At quarter past seven this evening in Strasbourg, the Arte ('association relative à la télévision européenne') cameras are go and the prompters are ready at HQ in France. Nazan Gökdemir, a German journalist of Turkish origins, presents the most important news of the day. Half an hour later, the next programme is presented by Leïla Kaddour-Boudadi, a Frenchwoman of Algerian origins. There's been two decades of this diversity in a television channel.Created in 1990 by a Franco-German conglomerate with the later support of former presidents François Mitterrand and Helmut Kohl, Arte (with the German offices in Paris and Baden-Baden - ed) first went live on 30 May 1992.
Later in the canteen, hungry journalists of all ages are enjoying inexpensively priced meals. Embarassed and press-card less, I order a simple orange juice and head to the sunny terrace with its view over Strasbourg’s numerous and fascinating canals. French and German is being spoken all around me, but mixed groups seem to be quite rare, until it’s time for everyone to work together. Arte's French and German journalists have obviously trained in the media sector in their home countries, and not only juggle different languages but therefore also almost polar opposite work methods. At Arte, which unites the two ideals, you have to always keep both factors in account. It doesn’t just go for your colleague, but also for the different audiences that you have. ‘We dilly-dally around quite a lot in the newsroom,’ says editor Patrick Schulze-Heil. ‘The French and Germans don’t often share the same point of view on something, or even the same vision when it comes to the hierarchy of information. They’re always in the middle of explaining themselves, and that’s important, because a huge responsibility lies behind their opinions.’
Singe Matzner, an editor who used to work for the multilingual radio and television station Deutsche Welle, agrees. ‘The equilibrium you find through the different sides of the discussion is interesting,’ she says. ‘It’s easy to remind the other side that they may be exaggerating, or that there is only one world view.’ Journalists are often influenced by national medias and also the standards of the profession. Trying to understand one another is part and parcel of their daily job in this international joint venture. Translators often work without respite, and the so-called ‘polyglots’ are there to ensure some sort of technical coordination amidst all the linguistic chaos.
Behind Arte scenes
10.20 – it’s time for the first editorial meeting of the day. Journalists are flanked by aforementioned translators and polyglots. The editor-in-chief and this evening’s TV programme director, both German, are going through the thematics of the day. The working language is in French. Topics are given to journalists according to their interests but also take the needs of the French and German viewers into consideration. Thus, the stories of French president Francois Hollande being in Afghanistan and the fired workers of German drugstore chain Schlecker are handed out accordingly. All hands are on deck. The journalists refine their texts and work with image editors. Translators get to grips with their work using a specialist software from the office, whilst the polyglots ensure that the two final versions correspond, whether its about nuance in meaning, opposite-language subtitling, dubbing and archiving – errors often crop up, but are rarely prominent amidst the mass of information. Maybe this is the real deal in ‘pan-European journalism’.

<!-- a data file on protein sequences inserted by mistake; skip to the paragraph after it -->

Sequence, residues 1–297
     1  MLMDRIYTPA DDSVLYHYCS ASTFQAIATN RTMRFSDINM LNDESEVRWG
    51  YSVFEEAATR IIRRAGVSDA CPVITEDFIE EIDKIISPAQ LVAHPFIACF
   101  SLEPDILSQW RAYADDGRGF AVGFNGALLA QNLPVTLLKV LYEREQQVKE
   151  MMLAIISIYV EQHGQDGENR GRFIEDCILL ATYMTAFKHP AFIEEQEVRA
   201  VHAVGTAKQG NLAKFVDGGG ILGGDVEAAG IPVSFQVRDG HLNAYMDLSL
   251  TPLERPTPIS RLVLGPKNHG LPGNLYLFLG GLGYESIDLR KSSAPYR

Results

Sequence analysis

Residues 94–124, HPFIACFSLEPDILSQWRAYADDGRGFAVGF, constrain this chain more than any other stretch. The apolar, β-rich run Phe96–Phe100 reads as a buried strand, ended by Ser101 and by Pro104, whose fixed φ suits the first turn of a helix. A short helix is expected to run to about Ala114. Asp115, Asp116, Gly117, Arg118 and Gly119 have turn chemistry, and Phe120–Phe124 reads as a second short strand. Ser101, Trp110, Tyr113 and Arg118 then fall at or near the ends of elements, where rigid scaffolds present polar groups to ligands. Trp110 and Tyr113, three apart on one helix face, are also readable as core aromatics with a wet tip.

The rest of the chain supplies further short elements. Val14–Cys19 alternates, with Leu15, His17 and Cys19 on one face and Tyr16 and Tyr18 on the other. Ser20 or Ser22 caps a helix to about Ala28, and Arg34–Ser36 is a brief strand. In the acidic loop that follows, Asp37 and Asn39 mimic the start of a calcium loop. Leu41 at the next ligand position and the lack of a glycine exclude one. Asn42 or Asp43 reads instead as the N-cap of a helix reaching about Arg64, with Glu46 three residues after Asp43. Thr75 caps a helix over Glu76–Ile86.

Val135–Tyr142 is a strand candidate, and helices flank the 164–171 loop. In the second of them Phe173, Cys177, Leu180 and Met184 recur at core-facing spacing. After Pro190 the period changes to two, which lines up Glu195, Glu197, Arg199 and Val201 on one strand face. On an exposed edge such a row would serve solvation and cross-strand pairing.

'The ‘cross-perspective’ slogan doesn’t mean much more than watching what’s happening in other countries'
Arte promote their work by saying they provide a ‘European perspective’, but the expression might be more problematic when it comes to the content of the programmes they produce. Karen Strupp, director of the evening news programme, says this perspective depends on the appropriate choice of themes to be tackled, even if the core audience is a Franco-German one. So, Arte is an unashamedly centralised Franco-German project. Jean-Michel Utard, a media sociologist who has been following the channel’s progress since the nineties, says the ‘cross-perspective’ slogan doesn’t mean much more than ‘watching what’s happening in other countries’. Yet journalists do have a problem with transnational codes, and their opinions differ on what ‘European perspective’ and ‘European journalism’ mean. Another trap could also be in presenting the information in a Franco-German way, which contradicts said ‘European perspective’. In the end, the station has adapted and we may well have a centralised Franco-German project, but it is open to other cultures.
‘The bases on which Arte were founded have been intellectual since the beginning, whilst the television aspect has always been a ‘mirror of nations’ within itself,’ says Jean-Michel Utard. ‘This concept mostly applies to the idea that the elites are producing a certain pluralism of information.’ So is this complex identity and crossed perspectives the only utopia of the elites, with the intention of serving up a model of high-level European multiculturalism? It’s been two decades of such an experiment in global television after all, and there’s very few like Jean-Michel who are monitoring the progress of similar international medias. Arte’s twenty years could be a precursor for a new quality in journalism and the sector.